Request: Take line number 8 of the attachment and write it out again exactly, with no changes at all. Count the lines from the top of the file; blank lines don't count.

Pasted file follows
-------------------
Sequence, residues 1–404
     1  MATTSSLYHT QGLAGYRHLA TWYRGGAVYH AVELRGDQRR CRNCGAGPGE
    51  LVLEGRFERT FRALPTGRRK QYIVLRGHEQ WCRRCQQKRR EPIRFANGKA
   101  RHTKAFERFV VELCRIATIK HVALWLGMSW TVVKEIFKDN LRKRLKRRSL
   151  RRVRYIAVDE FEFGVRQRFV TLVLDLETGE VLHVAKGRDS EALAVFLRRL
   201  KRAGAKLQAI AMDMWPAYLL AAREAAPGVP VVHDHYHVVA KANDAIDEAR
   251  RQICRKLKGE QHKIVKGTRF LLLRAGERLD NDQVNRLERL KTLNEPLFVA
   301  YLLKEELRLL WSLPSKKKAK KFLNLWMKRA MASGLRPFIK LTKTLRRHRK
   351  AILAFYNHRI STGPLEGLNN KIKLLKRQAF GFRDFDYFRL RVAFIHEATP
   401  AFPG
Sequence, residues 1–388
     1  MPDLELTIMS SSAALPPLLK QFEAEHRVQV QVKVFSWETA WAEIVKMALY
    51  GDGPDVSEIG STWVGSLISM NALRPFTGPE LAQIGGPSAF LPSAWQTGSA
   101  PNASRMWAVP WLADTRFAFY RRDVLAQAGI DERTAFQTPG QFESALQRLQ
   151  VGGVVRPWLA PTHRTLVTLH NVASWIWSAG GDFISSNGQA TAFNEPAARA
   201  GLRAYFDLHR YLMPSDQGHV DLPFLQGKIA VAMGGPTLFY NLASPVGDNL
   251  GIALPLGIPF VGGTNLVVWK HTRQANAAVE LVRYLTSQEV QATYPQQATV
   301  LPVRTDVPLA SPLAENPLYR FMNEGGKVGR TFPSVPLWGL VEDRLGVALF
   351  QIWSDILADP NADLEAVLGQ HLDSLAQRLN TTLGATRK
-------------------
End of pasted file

   301  YLLKEELRLL WSLPSKKKAK KFLNLWMKRA MASGLRPFIK LTKTLRRHRK